Lexi Boeger’s newest book Hand Spun (Quarry Books, 2012) offers a unique collection of innovative spinning techniques and inventive yarn projects. Get inspired to make art-yarn with Boeger’s step-by-step instructions on several DIY projects including tips on how to felt and how to wash fleece. In this excerpt from “Projects: Keeping it Simple,” learn how to make a fleece rug that rivals a real sheepskin rug, but you don’t have to kill the animal to do it.
You can purchase this book from the MOTHER EARTH NEWS store: Hand Spun.
Do you love the look of sheepskin rugs? Here is a simple method for turning a beautiful shorn fleece into a rug or throw without having to kill the animal to do it. The final material you get from this looks great as is, but consider using it to cover throw pillows, line baskets, or trim a coat collar—you name it!
One whole unwashed wool fleece
Large stockpot of boiling water
Liquid dish soap
Heavy rubber cleaning gloves
Darning or sharp hand needle
Strong darning yarn
Depends on the size of the fleece
Any fleece from a breed that readily felts will work for this project. Make sure it is unwashed and as intact as possible. If the wool is washed it has likely lost its fleece shape. Avoid using a fleece that has already been pulled apart; it will be difficult to piece back together. Furthermore, it’s the fibers that are naturally connected that make felting easy.
Set the water to boil. Meanwhile, lay the raw fleece outside on a clean cement surface and skirt it, removing all unsightly wool, dung, or overly dirty parts. Turn the fleece over so the shorn side is facing up and the tips of the locks are against the cement. Drizzle dish soap lightly over the entire surface of the fleece. Don’t go overboard with the soap; you need just enough to produce a little lather.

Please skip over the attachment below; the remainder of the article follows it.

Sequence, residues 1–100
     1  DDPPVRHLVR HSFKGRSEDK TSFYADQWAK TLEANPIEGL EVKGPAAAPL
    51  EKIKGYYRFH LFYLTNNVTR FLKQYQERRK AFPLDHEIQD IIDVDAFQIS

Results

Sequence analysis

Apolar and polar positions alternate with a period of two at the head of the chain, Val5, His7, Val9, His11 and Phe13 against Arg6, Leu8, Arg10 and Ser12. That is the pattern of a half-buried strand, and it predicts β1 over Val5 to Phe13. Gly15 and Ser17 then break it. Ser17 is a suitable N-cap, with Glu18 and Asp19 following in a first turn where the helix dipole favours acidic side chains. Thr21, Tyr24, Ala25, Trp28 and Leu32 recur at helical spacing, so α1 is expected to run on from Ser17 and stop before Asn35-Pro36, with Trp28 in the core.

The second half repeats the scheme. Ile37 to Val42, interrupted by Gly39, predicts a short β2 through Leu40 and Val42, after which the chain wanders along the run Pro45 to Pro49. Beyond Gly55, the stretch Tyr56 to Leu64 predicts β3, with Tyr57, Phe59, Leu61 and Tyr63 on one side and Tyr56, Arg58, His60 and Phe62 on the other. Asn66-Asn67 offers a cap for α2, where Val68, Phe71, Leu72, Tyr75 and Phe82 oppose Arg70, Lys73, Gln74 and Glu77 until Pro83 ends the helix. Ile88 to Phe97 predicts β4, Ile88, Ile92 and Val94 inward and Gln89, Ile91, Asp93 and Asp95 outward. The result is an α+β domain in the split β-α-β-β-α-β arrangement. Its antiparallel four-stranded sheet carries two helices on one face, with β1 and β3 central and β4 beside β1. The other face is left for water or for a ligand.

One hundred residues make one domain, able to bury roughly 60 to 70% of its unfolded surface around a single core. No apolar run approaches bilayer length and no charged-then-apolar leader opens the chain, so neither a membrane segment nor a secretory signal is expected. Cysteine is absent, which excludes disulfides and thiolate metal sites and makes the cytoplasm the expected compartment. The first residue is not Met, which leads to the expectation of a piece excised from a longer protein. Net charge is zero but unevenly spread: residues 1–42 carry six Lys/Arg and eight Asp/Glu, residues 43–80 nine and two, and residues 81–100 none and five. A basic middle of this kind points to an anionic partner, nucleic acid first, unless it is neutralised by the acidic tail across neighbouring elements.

Once the water has boiled, bring the pot to where the fleece is. Using a cup, bowl, or ladle, scoop the hot water over a square foot (0.1 sq. m) area of the fleece, starting at an edge. Wearing the gloves, vigorously work the hot water and soap across the fleece surface. The wool should readily begin to felt under your touch. Once you’ve established the beginnings of felt with your hand, you can then use a bristle brush. Be very careful to concentrate the friction across the surface of the fleece rather than digging down into it. The idea is to felt the backside of the fleece while preserving the integrity of the nice locks on the other side. Note: A fleece with longer locks tends to survive the felting process better.
Work your way through the entire fleece, one square foot (0.1 sq. m) at a time. Don’t worry if there are a few thin spots or holes. These will be fixed in the following steps. Once the whole fleece is felted, let it sit to dry.
Prepare to stitch together the weak spots of the dried fleece. Select a long darning needle with a large eye and sharp point. For thread, use a traditional darning material such as thin, strong, coarse two-ply wool. Thread the needle and even up the ends so you’re sewing with a doubled thread.
With the felted side faceup, look for thin spots, gaps, or separations in the fleece. Stitch these back together using an overcast stitch, or any stitch you are comfortable with.
Once all the weak spots are stitched together, fill a large basin or tub with hot water, and gently submerge the fleece to begin the washing process.
Wash the fleece as if you were going to spin it; gently soak and rinse it until the water runs clear. Put the rug into a toploading washing machine and spin to get rid of excess water; lay out to dry.
Reprinted with permission from Hand Spun by Lexi Boeger and published by Quarry Books, 2012. Buy this book from our store: Hand Spun.
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